||Dossus L, Kaaks R, Canzian F, Albanes D, Berndt SI, Boeing H, Buring J, Chanock SJ, Clavel-Chapelon F, Feigelson HS, Gaziano JM, Giovannucci E, Gonzalez C, Haiman CA, Hallmans G, Hankinson SE, Hayes RB, Henderson BE, Hoover RN, Hunter DJ, Khaw KT, Kolonel LN, Kraft P, Ma J, Le Marchand L, Lund E, Peeters PH, Stampfer M, Stram DO, Thomas G, Thun MJ, Tjonneland A, Trichopoulos D, Tumino R, Riboli E, Virtamo J, Weinstein SJ, Yeager M, Ziegler RG, Cox DG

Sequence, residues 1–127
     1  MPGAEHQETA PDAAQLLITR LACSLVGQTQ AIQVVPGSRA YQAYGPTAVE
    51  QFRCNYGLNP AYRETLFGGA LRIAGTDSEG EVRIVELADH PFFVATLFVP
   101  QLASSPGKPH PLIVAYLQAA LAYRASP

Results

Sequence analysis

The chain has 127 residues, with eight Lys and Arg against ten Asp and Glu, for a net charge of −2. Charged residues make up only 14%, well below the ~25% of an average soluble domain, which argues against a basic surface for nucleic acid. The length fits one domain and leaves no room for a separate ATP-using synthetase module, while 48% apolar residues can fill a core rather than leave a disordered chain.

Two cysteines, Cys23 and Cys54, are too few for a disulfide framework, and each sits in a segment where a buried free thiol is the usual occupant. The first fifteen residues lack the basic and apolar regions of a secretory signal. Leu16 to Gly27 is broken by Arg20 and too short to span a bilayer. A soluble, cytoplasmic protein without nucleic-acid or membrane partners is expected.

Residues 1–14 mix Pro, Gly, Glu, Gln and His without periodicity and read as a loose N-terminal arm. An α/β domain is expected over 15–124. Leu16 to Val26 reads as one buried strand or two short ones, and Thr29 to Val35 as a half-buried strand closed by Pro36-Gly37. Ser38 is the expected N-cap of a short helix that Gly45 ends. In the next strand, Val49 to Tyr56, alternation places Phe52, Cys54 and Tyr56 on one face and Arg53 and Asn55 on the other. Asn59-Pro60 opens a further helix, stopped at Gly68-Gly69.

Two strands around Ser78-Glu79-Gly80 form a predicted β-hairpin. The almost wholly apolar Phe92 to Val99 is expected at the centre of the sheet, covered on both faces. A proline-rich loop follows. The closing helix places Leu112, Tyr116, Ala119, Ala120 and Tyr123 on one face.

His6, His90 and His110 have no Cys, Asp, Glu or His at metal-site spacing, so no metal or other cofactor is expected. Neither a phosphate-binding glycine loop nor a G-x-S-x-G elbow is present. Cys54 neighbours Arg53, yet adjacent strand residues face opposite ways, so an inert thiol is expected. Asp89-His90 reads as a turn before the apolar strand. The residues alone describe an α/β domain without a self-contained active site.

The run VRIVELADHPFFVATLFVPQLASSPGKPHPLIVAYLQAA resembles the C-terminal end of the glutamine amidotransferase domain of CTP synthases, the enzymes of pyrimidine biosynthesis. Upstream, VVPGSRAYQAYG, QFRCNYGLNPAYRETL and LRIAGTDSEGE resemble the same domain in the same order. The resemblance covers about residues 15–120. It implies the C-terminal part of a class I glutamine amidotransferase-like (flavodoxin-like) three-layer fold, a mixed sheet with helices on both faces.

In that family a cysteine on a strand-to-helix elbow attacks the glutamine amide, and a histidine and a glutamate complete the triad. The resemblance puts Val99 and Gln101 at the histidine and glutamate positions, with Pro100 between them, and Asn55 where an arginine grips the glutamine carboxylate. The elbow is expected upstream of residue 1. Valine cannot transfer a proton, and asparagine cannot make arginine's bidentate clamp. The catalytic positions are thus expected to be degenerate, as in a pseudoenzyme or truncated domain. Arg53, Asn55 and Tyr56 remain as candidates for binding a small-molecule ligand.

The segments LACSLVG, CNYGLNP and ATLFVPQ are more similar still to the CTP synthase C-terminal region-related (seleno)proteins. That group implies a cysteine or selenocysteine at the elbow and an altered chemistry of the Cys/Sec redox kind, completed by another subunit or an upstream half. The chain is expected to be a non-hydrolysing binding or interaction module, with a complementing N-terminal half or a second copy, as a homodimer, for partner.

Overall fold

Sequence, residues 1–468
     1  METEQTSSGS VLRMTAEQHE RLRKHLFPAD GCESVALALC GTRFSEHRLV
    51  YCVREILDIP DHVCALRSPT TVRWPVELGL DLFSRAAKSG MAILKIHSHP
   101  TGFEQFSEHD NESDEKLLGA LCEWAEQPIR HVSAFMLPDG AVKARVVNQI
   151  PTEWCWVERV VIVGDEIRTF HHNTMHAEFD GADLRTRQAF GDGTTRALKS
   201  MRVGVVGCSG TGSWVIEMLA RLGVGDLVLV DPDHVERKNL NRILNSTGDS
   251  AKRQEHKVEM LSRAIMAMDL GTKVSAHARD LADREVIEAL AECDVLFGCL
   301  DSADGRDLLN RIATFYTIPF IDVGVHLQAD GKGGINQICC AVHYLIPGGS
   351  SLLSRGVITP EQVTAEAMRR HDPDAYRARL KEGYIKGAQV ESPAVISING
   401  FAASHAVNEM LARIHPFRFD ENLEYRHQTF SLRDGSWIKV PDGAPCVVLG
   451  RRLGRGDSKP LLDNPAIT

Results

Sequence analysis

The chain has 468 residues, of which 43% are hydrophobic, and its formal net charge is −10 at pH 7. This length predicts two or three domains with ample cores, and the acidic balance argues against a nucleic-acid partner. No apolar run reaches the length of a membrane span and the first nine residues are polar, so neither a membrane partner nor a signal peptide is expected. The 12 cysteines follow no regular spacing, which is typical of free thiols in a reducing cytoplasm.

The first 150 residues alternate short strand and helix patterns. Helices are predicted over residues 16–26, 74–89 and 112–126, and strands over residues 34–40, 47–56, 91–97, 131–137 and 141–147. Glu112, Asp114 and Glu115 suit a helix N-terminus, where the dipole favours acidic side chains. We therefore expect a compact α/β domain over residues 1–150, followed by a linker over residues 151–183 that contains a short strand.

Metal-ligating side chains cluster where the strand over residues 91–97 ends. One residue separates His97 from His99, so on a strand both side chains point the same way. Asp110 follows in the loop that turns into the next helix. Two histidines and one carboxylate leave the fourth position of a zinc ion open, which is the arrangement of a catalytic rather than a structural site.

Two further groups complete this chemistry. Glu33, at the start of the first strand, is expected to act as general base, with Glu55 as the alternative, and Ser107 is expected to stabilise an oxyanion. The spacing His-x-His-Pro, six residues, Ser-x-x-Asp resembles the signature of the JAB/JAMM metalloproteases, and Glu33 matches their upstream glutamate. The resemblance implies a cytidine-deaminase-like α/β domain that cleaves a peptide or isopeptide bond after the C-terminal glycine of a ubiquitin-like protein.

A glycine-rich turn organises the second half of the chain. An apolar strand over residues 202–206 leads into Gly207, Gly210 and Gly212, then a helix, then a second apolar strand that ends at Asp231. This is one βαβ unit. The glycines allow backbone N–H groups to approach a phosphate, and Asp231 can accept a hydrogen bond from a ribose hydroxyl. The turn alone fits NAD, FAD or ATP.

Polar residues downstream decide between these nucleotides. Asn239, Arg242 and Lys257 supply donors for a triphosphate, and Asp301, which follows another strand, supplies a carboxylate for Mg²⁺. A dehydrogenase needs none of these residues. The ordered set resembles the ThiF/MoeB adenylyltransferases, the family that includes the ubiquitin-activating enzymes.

||Genes involved in the inflammation pathway have been associated with cancer risk. Genetic variants in the interleukin-6 (IL6) and prostaglandin-endoperoxide synthase-2 (PTGS2, encoding for the COX-2 enzyme) genes, in particular, have been related to several cancer types, including breast and prostate cancers. We conducted a study within the Breast and Prostate Cancer Cohort Consortium to examine the association between IL6 and PTGS2 polymorphisms and breast and prostate cancer risk. Twenty-seven polymorphisms, selected by pairwise tagging, were genotyped on 6292 breast cancer cases and 8135 matched controls and 8008 prostate cancer cases and 8604 matched controls. The large sample sizes and comprehensive single nucleotide polymorphism tagging in this study gave us excellent power to detect modest effects for common variants. After adjustment for multiple testing, none of the associations examined remained statistically significant at P = 0.01. In analyses not adjusted for multiple testing, one IL6 polymorphism (rs6949149) was marginally associated with breast cancer risk (TT versus GG, odds ratios (OR): 1.32; 99% confidence intervals (CI): 1.00-1.74, P(trend) = 0.003) and two were marginally associated with prostate cancer risk (rs6969502-AA versus rs6969502-GG, OR: 0.87, 99% CI: 0.75-1.02; P(trend) = 0.002 and rs7805828-AA versus rs7805828-GG, OR: 1.11, 99% CI: 0.99-1.26; P(trend) = 0.007). An increase in breast cancer risk was observed for the PTGS2 polymorphism rs7550380 (TT versus GG, OR: 1.38, 99% CI: 1.04-1.83). No association was observed between PTGS2 polymorphisms and prostate cancer risk. In conclusion, common genetic variation in these two genes might play at best a limited role in breast and prostate cancers.